Density sensor lets you avoid the rush at your favorite haunts

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The Density sensor is a small sensor designed to collect foot traffic data(Credit: Density)

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If you've ever been on your sofa and wondered how long you might have to queue for a bike at the gym or how long the wait is for a table at your favorite restaurant, then the Density sensor could provide the answer. Designed to be attached to the entrance of a premises, the sensor captures people's comings and goings to provide real-time and historical data about the volume of traffic passing through.

Roughly the size of a sixth-gen iPod nano (the square one), the Density sensor uses infrared light to detect movement. As such, the sensor doesn't obtain personally identifiable information about anyone like video cameras do. It's also cheaper and more compact.

"Sensors don’t need to be invasive to be useful," Density CEO Andrew Farah told Gizmag. "There’s no reason privacy and people data can’t co-exist."

The data captured by the sensor and collated by the Density Application Programming Interface (API), allowing developers to integrate it into application software. The Density API is built upon the Representational State Transfer (REST) software architecture and returns JavaScript Object Notation (JSON) responses, which transmit data between a server and a web application, and supports cross-origin resource sharing.

The API uses token authentication and an application using the Density Sandbox API can make up to 200 authenticated requests per hour, per token. The live API has no rate limiting. This allows large scale collation of data across a wide range of sites.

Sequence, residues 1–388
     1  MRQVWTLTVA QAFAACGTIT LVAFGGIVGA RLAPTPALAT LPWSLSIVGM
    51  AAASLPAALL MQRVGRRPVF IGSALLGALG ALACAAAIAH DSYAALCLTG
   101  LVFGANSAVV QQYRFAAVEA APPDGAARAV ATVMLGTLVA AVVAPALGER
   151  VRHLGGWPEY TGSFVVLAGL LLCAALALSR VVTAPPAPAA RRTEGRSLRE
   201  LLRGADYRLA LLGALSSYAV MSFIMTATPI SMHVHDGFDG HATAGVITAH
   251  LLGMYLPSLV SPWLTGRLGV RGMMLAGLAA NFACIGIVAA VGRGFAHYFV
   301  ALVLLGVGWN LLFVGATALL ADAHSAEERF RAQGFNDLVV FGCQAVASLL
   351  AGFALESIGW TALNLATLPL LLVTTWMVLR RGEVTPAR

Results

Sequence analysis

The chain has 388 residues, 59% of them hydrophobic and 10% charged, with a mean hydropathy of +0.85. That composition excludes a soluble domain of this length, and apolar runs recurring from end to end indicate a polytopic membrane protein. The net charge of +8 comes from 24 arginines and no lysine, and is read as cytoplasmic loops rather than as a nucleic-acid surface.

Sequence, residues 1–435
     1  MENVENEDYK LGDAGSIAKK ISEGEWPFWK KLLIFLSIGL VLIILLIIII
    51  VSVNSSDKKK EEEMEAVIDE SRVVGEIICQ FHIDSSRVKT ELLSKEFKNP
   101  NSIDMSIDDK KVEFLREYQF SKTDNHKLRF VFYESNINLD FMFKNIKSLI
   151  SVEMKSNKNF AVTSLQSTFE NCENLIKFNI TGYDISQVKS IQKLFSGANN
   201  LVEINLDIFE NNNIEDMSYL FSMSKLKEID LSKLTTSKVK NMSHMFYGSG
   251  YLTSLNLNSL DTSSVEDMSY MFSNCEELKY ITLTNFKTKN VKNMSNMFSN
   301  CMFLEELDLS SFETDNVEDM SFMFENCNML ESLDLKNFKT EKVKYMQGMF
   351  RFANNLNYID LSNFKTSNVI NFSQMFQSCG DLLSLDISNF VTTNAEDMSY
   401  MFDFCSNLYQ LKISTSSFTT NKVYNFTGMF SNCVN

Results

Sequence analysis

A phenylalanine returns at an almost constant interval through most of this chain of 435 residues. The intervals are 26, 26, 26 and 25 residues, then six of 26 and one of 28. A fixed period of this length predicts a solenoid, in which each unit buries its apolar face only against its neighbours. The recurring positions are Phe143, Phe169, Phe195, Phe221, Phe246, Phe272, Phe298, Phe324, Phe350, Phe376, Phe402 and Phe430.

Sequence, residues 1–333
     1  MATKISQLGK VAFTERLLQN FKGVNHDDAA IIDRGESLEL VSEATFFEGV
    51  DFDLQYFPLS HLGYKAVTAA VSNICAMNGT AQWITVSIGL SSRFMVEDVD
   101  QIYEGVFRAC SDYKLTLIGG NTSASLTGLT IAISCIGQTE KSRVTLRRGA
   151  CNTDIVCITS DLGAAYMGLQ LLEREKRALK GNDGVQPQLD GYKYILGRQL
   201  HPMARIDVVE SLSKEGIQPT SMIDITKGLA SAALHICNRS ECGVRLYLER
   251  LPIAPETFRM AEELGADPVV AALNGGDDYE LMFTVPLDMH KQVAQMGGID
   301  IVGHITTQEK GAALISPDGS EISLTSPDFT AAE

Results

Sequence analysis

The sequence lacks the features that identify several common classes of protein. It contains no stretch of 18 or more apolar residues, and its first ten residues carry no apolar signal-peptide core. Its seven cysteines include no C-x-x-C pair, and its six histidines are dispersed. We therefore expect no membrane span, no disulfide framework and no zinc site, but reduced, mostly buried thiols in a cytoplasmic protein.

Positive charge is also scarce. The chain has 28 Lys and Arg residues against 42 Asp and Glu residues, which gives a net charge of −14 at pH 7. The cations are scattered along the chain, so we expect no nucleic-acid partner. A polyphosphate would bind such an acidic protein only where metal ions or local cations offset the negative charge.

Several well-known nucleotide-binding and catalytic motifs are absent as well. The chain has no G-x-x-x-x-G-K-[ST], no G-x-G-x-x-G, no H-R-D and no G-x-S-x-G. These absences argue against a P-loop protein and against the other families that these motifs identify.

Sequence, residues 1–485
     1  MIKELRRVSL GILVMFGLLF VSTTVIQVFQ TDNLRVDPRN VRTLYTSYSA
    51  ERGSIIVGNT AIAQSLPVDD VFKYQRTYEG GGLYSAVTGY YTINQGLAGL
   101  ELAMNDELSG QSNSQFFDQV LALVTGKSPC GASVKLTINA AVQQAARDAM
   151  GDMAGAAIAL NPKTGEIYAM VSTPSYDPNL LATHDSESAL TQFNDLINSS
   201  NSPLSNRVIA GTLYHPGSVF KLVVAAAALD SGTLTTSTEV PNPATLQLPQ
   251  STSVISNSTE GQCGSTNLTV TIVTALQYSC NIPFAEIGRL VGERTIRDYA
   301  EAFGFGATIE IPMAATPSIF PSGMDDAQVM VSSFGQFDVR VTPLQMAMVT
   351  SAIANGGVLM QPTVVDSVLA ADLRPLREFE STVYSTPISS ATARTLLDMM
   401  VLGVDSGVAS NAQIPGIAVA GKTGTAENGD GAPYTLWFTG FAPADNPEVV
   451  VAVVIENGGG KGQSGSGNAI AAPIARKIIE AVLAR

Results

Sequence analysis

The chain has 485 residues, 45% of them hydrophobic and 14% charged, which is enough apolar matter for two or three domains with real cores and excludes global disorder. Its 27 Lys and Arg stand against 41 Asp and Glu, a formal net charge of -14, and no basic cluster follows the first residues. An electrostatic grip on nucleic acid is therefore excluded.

"We sell to startups and companies that serve or sell to large networks of locations such as POS or loyalty startups, city transportation systems, non-profits, museums, universities, or marketing agencies," says Farah.

Once a business, museum or university has signed on to Density, it can create an app using the location data that best suits their customers' needs to help drive business in their direction, at no cost to the consumer.

The device can also help create unique marketing opportunities, such as the one seized by Sacramento-based startup Requested, whose users are notified of discounts available at popular restaurants when Destiny data advises that foot traffic has been slow.

On the consumer side, this translates into valuable information about the best time to visit a destination to avoid the crowds. For example, a team at UC Berkeley is adding Density sensors to school gyms and workplaces so students can check on traffic numbers from anywhere on campus.

Companies or businesses can purchase location data from Density from US$25 per location, per month, while the hardware and installation are free.

Source: Density

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